In April 2016 Manchester eScholar was replaced by the University of Manchester’s new Research Information Management System, Pure. In the autumn the University’s research outputs will be available to search and browse via a new Research Portal. Until then the University’s full publication record can be accessed via a temporary portal and the old eScholar content is available to search and browse via this archive.

Ethnicity, psychosocial risk, and perinatal depression - a comparative study among inner city women in the UK

Edge D

Journal of Psychosomatic Research. 2007;63(3):291-295.

Access to files

Full-text and supplementary files are not available from Manchester eScholar. Full-text is available externally using the following links:

Full-text held externally


Objective The objective of this study was to explore the relationships between psychosocial risk, ethnicity, and prevalence of depressive symptoms in the perinatal period. A comparative study among a cohort of Black Caribbean and White British women was undertaken. Methods A predominantly inner-city sample (N=301) was recruited at a large teaching hospital and at community antenatal clinics in the north of England. Women were screened for depressive symptoms in the last trimester of their pregnancy and 6 weeks their delivery with the Edinburgh Postnatal Depression Scale (EPDS). Results Black Caribbean women reported higher levels of psychosocial risk for perinatal depression compared with their White British counterparts. They were more socially and socioeconomically deprived. To elaborate, the Black Caribbean women were more likely to live in the most deprived areas of the city (P=.002), to live on benefits (P=.014), and to be lone parents (P<.0001). However, despite higher levels of deprivation and other known risks for perinatal depression, Black Caribbeans were not more likely than White British women to score above the threshold on the EPDS (cutoff point, 12/13). Conclusions During and after pregnancy, approximately a quarter of the Black Caribbean women in this study recorded symptom scores suggestive of clinically significant morbidity. These findings are not reflected in clinical practice, suggesting that there may be substantial levels of undetected and untreated perinatal depression among this ethnic group. This has potentially serious implications not only for the mental health and well-being of individual women but also for their families.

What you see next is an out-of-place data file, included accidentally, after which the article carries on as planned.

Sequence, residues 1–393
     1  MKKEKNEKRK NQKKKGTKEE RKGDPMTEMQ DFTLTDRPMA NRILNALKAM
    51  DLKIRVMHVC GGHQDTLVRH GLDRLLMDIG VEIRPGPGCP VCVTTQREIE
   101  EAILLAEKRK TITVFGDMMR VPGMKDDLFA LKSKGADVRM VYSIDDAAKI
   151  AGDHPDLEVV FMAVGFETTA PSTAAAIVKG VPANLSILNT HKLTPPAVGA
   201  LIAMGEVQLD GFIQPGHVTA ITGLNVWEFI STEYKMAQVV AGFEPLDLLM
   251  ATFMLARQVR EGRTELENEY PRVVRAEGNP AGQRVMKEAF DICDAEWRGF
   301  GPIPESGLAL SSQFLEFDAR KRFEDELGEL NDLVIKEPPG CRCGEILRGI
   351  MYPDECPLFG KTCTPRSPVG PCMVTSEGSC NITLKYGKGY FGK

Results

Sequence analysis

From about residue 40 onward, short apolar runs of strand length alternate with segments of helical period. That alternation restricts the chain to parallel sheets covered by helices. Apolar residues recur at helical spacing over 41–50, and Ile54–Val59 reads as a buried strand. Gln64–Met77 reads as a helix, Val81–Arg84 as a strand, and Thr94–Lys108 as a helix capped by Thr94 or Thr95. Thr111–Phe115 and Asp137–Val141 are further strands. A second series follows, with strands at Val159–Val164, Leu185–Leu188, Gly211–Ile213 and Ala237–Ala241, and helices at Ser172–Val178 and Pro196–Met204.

Bibliographic metadata

Type of resource:
Content type:
Publication type:
Publication form:
Author list:
Published date:
Start page:
End page:
Digital Object Identifier:
Access state:

Record metadata

Manchester eScholar ID:
2nd September, 2009, 09:40:58
Last modified by:
Edge, Dawn
Last modified:
7th September, 2015, 12:30:05

Can we help?

The library chat service will be available from 11am-3pm Monday to Friday (excluding Bank Holidays). You can also email your enquiry to us.